These are the wheels that come with all 3 bikes I'm considering. I think they may be the same wheels that were on my first road bike, too...which were really low-rent. I had a spoke bust while pedaling along flat, smooth pavement. I'm thinking that as long as the aluminum weren't a super harsh ride or excessively heavy vs. the 2 carbon frames that I'd be better off throwing money into wheel upgrade. I wish it were possible to test ride, but no one wants to order a small frame that won't sell if I don't end up buying it. Even if aluminum weren't super smooth, I have no sights set on any epic Ironman distances. Longest I'd likely do would be about half that far. It's just far enough to be inefficient and uncomfortable long-term in the drops on my road bike.
    Kirsten
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    '11 Cannondale SuperSix 4 Rival
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  7. #7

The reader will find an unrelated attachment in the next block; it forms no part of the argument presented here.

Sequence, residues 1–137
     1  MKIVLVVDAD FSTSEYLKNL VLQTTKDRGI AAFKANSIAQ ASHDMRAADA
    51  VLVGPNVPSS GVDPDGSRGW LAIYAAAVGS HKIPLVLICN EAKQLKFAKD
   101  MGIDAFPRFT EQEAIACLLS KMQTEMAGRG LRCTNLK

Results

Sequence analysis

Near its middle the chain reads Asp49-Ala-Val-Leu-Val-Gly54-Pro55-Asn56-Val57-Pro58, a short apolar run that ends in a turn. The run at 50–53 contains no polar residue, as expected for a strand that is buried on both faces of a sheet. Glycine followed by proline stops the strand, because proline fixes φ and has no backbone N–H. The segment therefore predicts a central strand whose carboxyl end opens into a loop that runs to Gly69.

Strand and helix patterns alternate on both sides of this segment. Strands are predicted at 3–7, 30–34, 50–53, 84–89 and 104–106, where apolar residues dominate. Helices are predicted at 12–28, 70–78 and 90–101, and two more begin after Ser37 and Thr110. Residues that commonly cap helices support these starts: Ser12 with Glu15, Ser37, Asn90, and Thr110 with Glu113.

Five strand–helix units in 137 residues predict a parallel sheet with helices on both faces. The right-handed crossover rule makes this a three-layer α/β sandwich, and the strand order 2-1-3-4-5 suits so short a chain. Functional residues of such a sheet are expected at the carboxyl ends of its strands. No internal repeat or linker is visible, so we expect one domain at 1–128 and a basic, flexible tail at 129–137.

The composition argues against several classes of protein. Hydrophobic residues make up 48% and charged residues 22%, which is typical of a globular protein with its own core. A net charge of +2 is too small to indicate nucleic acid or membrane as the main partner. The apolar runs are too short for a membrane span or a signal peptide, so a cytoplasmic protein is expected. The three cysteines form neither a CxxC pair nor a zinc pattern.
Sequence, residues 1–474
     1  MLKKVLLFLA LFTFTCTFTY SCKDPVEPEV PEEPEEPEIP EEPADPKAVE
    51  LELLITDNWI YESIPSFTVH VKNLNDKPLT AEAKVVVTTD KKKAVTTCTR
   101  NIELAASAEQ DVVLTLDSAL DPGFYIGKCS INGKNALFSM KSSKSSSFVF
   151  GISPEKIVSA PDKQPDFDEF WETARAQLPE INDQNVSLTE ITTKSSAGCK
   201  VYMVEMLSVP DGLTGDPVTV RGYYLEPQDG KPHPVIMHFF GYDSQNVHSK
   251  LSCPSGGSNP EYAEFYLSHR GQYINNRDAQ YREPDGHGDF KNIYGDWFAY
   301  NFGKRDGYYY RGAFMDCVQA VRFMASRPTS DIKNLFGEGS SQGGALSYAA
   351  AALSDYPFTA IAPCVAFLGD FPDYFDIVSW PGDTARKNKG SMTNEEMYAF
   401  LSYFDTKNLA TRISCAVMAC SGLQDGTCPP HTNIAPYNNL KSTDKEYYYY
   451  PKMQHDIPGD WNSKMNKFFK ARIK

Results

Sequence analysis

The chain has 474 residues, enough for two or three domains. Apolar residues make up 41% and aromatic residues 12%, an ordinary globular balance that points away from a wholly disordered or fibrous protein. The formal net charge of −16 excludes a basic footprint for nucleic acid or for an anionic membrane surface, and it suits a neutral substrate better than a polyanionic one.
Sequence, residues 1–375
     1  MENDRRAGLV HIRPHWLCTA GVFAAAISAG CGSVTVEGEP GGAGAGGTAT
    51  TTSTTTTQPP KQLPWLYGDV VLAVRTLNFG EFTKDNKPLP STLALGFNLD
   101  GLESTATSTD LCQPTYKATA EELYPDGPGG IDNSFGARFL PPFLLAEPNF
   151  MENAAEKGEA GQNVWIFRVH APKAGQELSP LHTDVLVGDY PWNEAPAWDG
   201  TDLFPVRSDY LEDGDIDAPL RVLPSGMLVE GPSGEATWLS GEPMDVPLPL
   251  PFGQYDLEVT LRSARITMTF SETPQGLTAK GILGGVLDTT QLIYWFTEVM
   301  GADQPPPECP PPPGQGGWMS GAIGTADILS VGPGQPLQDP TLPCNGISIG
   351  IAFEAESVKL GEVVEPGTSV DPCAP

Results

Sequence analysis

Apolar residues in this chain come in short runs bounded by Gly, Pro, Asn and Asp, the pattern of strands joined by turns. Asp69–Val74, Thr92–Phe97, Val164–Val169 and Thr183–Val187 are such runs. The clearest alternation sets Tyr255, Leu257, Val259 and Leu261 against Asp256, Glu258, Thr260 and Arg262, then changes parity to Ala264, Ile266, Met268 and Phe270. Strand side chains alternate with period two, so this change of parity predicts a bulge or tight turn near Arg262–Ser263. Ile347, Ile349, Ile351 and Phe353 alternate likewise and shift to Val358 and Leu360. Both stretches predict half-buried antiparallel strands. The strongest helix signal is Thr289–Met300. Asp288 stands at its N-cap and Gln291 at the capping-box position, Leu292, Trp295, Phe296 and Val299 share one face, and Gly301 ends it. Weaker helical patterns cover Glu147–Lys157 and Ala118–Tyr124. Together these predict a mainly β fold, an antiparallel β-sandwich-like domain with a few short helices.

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    I'm in my 9th season of triathlon and I've owned a tri bike for about 6 of those years.

    I have to admit that I'm very pro carbon; I'm not sure it makes a speed difference, but they are just more sexy to me, and shouldn't your bike excite you?

    Yes, wheels would be the first thing to upgrade; they don't need to be aero, but you can gain a lot when you trade out basic stock wheels for something nicer.

    Riding in aero can get you some speed increase, but it *is* all about the engine. Don't assume that the new bike will get you 3.5mph.

    Have you considered going used?